Connect with us

Here are 5 unhinged Republicans who have actually called for Hillary Clinton’s murder



Al Baldasaro, Duane Flowers, Michael Folk, Richard Burr, Wayne Allen Root (Composite)

In an election heavy on hyperbole, a number of Republican politicians have been forced to walk back remarks casually calling for the death of Democratic candidate Hillary Clinton. Even Donald Trump himself was forced to clarify his remarks after suggesting there was something “the Second Amendment people” can do if Clinton is elected and given the opportunity to pick Supreme Court judges.


“Hillary wants to abolish, essentially abolish the Second Amendment,” Trump said in August. “By the way, if she gets to pick—if she gets to pick her judges, nothing you can do, folks. Although the Second Amendment people, maybe there is. I don’t know.”

Responding to criticism that Trump was inciting violence against the Democratic nominee with his remark Trump told Sean Hannity he was referencing grassroots organizations who support gun rights. “This is a political movement,” Trump said. “This is a strong, powerful movement, the Second Amendment. You know, Hillary wants to take your guns away. She wants to leave you unprotected in your home.”

But Trump isn’t the only one who’s made subtle—or explicit—references to Clinton’s death. Here are five other Republican politicians who have low-key called for Hillary Clinton’s murder.

1. Richard Burr

The senior U.S. Senator from North Carolina apologized Monday for a joke he made over the weekend suggesting supporters of the National Rights Association should put a “bullseye” on an image of Hillary Clinton.


“Nothing made me feel any better than, I walked to a gun shop, I think, yesterday in Oxford,” Burr said at a get-out-the-vote rally Saturday. “There was a copy of [NRA monthly magazine] Rifleman on the counter. “It’s got a picture of Hillary Clinton on the front of it.”

“I was a little bit shocked at that it didn’t have the bullseye on it,” he quipped.

Democrats quickly condemned Burr for his comment; the Democratic Coalition Against Trump even asked the Secret Service to investigate his remark.


“Thanks to Donald Trump’s place at the top of the ticket, Republicans, namely Senator Richard Burr, believe that they can joke about bullseyes being placed on the back of someone running for the highest office in the country,” Democratic Coalition Against Trump Senior Advisor Scott Dworkin said Monday. “We cannot allow this type of rhetoric to continue in our political system—I can only hope it all will end when Trump is defeated next week.”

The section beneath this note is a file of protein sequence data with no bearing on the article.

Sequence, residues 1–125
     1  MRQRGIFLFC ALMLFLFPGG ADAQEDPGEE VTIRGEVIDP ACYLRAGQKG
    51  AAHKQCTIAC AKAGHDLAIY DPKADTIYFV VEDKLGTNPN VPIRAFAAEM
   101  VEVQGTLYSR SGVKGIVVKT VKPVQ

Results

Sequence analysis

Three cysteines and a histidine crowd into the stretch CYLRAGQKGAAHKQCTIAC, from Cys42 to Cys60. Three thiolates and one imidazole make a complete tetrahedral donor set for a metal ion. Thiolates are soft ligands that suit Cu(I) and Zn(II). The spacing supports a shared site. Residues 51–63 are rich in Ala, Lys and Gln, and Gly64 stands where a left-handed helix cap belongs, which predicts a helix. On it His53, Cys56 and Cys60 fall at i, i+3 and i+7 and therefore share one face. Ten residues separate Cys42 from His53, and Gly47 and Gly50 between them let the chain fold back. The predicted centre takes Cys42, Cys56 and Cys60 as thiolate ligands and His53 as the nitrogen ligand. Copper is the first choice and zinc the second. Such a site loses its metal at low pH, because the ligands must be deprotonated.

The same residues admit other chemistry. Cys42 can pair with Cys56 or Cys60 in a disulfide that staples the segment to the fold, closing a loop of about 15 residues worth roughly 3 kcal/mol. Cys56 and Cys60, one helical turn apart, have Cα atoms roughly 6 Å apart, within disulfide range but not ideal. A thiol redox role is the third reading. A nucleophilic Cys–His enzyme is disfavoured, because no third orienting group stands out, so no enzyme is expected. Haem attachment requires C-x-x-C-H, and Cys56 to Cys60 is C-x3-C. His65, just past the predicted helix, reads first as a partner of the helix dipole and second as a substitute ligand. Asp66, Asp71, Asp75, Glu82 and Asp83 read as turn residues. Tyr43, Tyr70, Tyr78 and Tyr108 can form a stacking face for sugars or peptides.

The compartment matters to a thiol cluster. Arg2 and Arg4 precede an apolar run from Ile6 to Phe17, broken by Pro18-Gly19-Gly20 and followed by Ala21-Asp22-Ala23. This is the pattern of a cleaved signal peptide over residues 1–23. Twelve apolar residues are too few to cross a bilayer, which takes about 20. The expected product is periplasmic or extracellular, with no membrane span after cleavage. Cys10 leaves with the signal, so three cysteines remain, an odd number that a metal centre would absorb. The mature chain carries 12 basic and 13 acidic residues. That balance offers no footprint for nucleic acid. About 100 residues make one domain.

In a statement to the North Carolina newspaper News & Observer, Burr apologized for his comment, calling the joke “inappropriate.”


2. Wayne Allen Root

At a Las Vegas rally Sunday, longtime Republican Party member and former Libertarian Party candidate Wayne Allen Root introduced Donald Trump by imagining Clinton and longtime aide driving off a cliff.

“It’s Hillary in a White Ford Bronco,” Root said. “She’s got Huma driving, and they’re headed for the Mexican border .. when they make the run for the border of Mexico, there’s nowhere to go, because President Trump has built a big, beautiful wall.”


“We all get our wish: the ending is like Thelma & Louise,” he continued, referencing the ending of the classic 1991 film where the main characters drive off a cliff to avoid capture by law enforcement.

According to Politico, Root’s imagery drew cheers from the crowd of Trump supporters.

3. Al Baldasaro

On July 20, New Hampshire House of Representatives member Al Baldasaro, who co-chairs Trump’s national veterans coalition, said Hillary Clinton should be “put in the firing line and shot for treason” for how she handled the Benghazi terror attack.


“She is a disgrace,” Baldasaro said of Clinton, listing off the Benghazi terror attacks along with her FBI email probe.

“This whole thing disgusts me,” he continued. “Hillary Clinton should be put in the firing line and shot for treason.”

Later that day, the Secret Service said it was investigating Baldasaro’s claim, releasing a statement that  the agency was “aware of this matter and will conduct the appropriate investigation.”

Despite the Secret Service investigation, Baldasaro later defended his comments, blaming the media for distorting his position. “The liberal media took what I said and went against the law and the Constitution and ran with it, and they said that I wanted her assassinated, which I never did,” Baldasaro told MassLive.com in August. “I said I spoke as a veteran, and she should be shot in a firing squad for treason.”


4. Michael Folk

West Virginian House of Delegates member Michael Folk landed in hot water in July after tweeting Hillary Clinton should be “hung on the Mall in Washington, DC.”

CBS reported that Folk, who is also a pilot for United Airlines, posted on Twitter that “Hillary Clinton … should be tried for treason, murder, and crimes against the US Constitution… then hung on the Mall in Washington, DC.”